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U.S. Army Esports Team May Have Violated the First Amendment During Twitch Stream

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The US Army Esports team recently dealt with some issues with one of their live Twitch streams where chatters asked about war crimes, and have been banning users who bring up the topic, however they may find themselves in more trouble for taking that route.

According to Vice, the American Civil Liberties Union (ACLU) says that’s a violation of the first amendment’s free speech protections.

The Army’s foray into the world of esports teams was intended to help recruit, but it seems that it has, and is continuing to go, horribly wrong and Army content creators behind the channel’s efforts are receiving backlash as a result.

“It looks like what happened was a violation of the First Amendment,” Vera Eidelman, a staff attorney for the ACLU’s Speech, Privacy and Technology Project said, per the report.

According to Vice, the ACLU isn’t the only brand that is taking issue with the US Army’s actions, the Knight First Amendment Institute at Columbia University.

As a reminder, the Knight First Amendment Institute at Columbia University is the law firm that successfully sued Donald Trump when he blocked people on his Twitter account (see here).

“As a general rule, as established in our case against Trump, if a government agency or branch of the military operates a social media platform or a website, and they allow people generally to post comments then typically that would be considered a public forum,” Katie Fallow, a Senior Staff Attorney with Knight, told VICE over the phone. “If the Army run Twitch channel is a public forum, then deleting comments or blocking people from commenting based on their viewpoints, such as asking about military crimes, would violate the first amendment.”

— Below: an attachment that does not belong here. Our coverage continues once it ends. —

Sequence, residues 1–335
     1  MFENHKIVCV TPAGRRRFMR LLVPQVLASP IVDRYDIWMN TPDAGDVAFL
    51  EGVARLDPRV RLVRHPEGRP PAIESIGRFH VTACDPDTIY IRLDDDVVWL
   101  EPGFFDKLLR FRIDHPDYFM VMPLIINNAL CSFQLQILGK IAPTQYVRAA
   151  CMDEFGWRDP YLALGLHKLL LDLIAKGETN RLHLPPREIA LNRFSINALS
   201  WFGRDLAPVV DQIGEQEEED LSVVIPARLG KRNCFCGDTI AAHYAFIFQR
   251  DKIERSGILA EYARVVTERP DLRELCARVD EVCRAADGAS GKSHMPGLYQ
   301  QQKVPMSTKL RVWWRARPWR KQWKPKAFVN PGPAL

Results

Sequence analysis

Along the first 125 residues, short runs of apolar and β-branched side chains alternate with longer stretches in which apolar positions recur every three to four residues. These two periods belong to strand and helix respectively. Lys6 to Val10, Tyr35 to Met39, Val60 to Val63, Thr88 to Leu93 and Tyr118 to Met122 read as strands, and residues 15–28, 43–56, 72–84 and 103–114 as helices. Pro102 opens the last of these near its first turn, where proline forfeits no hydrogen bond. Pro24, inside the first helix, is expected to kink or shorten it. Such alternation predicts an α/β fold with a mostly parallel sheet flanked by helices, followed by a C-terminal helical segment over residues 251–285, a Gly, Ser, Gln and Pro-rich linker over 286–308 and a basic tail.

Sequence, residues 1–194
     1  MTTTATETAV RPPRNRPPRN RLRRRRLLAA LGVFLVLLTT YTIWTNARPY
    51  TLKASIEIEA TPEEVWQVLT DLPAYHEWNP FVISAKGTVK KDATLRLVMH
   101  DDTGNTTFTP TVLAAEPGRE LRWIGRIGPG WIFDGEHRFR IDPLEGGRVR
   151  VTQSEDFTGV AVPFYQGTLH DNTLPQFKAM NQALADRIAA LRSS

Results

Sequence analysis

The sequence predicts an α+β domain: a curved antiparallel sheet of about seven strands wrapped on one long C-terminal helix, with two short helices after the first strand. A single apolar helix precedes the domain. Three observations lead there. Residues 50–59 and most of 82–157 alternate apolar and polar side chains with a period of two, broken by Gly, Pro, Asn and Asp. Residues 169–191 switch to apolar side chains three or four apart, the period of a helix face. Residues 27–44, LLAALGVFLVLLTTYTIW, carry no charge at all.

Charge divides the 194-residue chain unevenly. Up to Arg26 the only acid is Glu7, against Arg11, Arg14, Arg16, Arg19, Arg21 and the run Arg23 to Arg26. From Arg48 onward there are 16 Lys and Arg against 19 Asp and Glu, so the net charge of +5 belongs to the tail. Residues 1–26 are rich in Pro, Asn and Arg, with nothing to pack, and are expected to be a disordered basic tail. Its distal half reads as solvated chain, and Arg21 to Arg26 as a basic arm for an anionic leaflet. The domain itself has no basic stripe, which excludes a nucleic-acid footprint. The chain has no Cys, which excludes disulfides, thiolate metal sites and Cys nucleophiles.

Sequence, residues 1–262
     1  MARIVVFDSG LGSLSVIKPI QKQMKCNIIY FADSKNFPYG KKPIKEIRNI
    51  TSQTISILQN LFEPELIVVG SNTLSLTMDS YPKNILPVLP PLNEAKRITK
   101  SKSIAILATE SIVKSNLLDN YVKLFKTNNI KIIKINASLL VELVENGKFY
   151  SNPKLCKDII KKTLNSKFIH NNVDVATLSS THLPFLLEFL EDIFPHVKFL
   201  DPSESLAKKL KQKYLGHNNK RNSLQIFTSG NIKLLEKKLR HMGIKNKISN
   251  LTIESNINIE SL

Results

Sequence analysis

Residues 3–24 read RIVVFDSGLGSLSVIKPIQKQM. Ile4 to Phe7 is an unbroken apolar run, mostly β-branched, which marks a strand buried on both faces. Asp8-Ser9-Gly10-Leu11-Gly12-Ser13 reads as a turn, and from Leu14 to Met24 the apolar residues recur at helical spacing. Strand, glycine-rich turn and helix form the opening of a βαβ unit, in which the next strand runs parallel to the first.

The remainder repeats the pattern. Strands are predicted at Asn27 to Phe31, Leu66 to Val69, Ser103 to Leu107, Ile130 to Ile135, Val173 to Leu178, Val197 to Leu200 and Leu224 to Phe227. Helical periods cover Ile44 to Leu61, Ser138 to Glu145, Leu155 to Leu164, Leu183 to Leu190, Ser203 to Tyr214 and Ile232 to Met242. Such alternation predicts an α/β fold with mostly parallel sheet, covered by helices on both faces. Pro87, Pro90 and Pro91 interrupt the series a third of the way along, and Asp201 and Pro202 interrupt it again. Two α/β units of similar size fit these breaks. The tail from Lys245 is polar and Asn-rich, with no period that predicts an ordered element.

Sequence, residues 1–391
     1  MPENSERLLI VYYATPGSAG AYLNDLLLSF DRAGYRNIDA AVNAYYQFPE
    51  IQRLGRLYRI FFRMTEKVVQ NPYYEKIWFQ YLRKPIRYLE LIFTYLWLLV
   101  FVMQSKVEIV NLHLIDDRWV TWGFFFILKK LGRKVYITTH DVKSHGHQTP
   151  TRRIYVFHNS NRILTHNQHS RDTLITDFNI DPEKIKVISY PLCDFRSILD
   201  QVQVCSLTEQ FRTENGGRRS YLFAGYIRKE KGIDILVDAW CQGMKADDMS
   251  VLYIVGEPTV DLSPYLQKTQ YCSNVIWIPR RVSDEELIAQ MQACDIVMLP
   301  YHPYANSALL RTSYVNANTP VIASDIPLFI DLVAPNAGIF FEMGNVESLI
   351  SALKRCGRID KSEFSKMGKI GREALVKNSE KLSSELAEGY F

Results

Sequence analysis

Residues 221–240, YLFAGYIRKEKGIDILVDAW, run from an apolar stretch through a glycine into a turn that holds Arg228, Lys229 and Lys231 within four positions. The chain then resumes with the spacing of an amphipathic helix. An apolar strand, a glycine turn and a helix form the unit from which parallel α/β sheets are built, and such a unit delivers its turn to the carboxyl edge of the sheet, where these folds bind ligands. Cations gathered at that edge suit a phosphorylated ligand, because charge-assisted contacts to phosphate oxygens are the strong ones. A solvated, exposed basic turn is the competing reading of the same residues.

“You’re not looking at what Twitch’s functionalities are because the real concern here is that the government, by banning these comments, was censoring speech based on viewpoint,” Fallow said. Fallow also pointed out that the U.S. Army’s own stated rules for the chat room didn’t prohibit asking questions about war crimes.

“You have to apply your own rules uniformly and without viewpoint” she said. “None of these rules cover what those comments were.”

“The U.S. Army eSports Team follows the guidelines and policies set by Twitch,” a representative of the U.S. Army esports team and military streamers said in an official statement. “The team viewed the user’s question as a violation of Twitch’s harassment policy and banned the user. We fully support users’ rights to express themselves, but we will not support harassment of our Soldiers on our forums.”

Twitch has declined to comment on Vice’s story, and even referred Vice to it’s FAQs on bans and suspensions.

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